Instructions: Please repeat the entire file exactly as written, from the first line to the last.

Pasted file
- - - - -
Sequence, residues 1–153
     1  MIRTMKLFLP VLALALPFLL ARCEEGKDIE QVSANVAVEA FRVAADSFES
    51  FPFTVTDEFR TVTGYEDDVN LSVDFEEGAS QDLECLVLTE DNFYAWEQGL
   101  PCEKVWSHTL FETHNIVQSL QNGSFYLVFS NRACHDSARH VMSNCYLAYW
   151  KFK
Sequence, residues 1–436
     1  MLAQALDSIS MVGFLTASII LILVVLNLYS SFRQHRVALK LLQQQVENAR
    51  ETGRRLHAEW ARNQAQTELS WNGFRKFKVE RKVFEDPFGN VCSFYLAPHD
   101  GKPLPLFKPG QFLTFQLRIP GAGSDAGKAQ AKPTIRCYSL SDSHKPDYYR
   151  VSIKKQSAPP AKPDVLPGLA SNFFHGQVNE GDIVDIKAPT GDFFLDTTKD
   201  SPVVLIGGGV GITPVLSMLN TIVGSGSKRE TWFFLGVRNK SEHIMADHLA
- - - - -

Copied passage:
Sequence, residues 1–153
     1  MIRTMKLFLP VLALALPFLL ARCEEGKDIE QVSANVAVEA FRVAADSFES
    51  FPFTVTDEFR TVTGYEDDVN LSVDFEEGAS QDLECLVLTE DNFYAWEQGL
   101  PCEKVWSHTL FETHNIVQSL QNGSFYLVFS NRACHDSARH VMSNCYLAYW
   151  KFK
Sequence, residues 1–436
     1  MLAQALDSIS MVGFLTASII LILVVLNLYS SFRQHRVALK LLQQQVENAR
    51  ETGRRLHAEW ARNQAQTELS WNGFRKFKVE RKVFEDPFGN VCSFYLAPHD
   101  GKPLPLFKPG QFLTFQLRIP GAGSDAGKAQ AKPTIRCYSL SDSHKPDYYR
   151  VSIKKQSAPP AKPDVLPGLA SNFFHGQVNE GDIVDIKAPT GDFFLDTTKD
   201  SPVVLIGGGV GITPVLSMLN TIVGSGSKRE TWFFLGVRNK SEHIMADHLA